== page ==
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Texas Medical Malpractice Caps – Hospitals and Doctors are Trying to Keep Them

In 2003 the Texas Legislature passed many sweeping laws that directly affect the right of injured patients to have recourse against a doctor or hospital that caused them harm. Every lawsuit filed has a cap of non-economic damages placed at $250,000. This means that damages for the emotional loss a child’s mother, or a medical mistake that causes permanent scarring and disfigurement, or the losses a grieving parent can receive if their child suffers death at the hands of a negligent healthcare provider, are capped at $250,000. and no recovery above that amount can be sought for those injuries and losses.

If a patient suffers economic losses, such as lost income or future hospital bills, those can be recovered in addition to the non-economic losses. Essentially, if a highly paid executive (or perhaps a highly paid doctor) is injured at the hands of a negligent hospital, they can recover the cap amount, along with compensation for all of their future lost earnings. A housewife, child, elderly retired individual, however, is left without any options.

The result is simple. The legislature told us they were going to stop “frivolous cases” from entering the courts. Then they proceeded to place caps and barriers on valid, meritorious cases. Attorneys that handle medical negligence cases now have to repeatedly tell injured victims that they have a valid complaint, but because it is so expensive to pursue a doctor or hospital, and because the laws do not allow then full recovery, their case cannot be pursued. The proponents of the law indicated that the so-called “medical malpractice crisis” needed caps to lower insurance premiums for doctors and to stop doctors from leaving the practice of medicine. However, there is no reliable evidence that malpractice caps reduce insurance rates. And, if medical malpractice payouts are reduced by these caps, it is at the expense of the most severely injured.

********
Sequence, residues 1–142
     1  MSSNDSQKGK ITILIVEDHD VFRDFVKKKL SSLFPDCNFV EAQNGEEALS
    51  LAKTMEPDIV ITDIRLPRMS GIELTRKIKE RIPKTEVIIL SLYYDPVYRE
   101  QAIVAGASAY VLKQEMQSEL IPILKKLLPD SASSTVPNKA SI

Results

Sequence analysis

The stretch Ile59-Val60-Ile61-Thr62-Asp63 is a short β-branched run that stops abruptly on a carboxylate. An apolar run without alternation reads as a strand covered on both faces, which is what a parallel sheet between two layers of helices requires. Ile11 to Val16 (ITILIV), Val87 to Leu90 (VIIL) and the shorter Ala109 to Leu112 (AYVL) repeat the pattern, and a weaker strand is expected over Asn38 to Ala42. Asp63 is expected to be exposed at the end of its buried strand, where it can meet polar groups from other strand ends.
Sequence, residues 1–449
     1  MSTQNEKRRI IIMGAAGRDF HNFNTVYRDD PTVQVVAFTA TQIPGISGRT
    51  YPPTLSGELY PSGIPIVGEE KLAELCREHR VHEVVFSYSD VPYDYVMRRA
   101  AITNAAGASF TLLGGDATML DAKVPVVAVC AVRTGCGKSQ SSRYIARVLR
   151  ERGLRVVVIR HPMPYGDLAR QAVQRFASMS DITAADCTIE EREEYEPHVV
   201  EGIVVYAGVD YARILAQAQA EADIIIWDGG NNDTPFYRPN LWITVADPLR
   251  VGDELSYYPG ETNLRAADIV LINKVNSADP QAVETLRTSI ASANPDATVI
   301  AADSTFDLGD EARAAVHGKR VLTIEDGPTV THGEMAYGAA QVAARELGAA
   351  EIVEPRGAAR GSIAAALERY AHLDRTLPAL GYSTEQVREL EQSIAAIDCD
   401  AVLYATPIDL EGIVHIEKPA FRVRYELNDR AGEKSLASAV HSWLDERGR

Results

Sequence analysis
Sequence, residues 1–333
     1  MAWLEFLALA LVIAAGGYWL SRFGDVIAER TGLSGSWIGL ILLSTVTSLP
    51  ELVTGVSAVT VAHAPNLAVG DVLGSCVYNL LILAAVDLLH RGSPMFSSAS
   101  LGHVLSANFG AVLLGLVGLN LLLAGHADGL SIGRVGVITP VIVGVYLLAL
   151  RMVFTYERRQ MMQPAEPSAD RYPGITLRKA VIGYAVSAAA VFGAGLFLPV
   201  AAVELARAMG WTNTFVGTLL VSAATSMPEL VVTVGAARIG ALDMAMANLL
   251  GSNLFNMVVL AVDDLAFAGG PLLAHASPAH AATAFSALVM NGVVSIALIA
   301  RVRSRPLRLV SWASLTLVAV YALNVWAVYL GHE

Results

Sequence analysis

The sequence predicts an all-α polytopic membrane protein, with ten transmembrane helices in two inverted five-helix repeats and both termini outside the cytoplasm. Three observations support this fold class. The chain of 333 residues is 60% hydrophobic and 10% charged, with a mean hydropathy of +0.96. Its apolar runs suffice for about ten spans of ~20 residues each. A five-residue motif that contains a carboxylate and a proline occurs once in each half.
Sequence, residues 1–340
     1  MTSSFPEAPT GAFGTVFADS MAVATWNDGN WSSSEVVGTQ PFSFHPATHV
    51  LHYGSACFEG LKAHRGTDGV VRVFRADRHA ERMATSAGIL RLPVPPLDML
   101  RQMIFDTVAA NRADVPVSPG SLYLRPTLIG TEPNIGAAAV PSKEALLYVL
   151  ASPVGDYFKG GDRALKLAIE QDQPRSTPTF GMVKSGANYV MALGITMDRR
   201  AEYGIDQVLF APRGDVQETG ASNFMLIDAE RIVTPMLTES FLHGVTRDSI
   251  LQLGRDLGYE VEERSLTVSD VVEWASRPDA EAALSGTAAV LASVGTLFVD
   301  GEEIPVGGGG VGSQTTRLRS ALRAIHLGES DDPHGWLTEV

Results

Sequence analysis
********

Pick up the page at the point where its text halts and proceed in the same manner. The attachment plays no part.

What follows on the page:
When the law was being proposed, a former Republican Texas Supreme Court Justice argued against amending the constitution to cap these cases. Now, the Texas Hospital Association and the Texas Medical Association have decided to use the court system for their own benefit. They are seeking to have the Texas Supreme Court hold that the law passed in 2003 was constitutional. They have preemptively file a suit seeking this ruling to effectively cut off other potential challenges to the cap law that may be filed by victims in the future.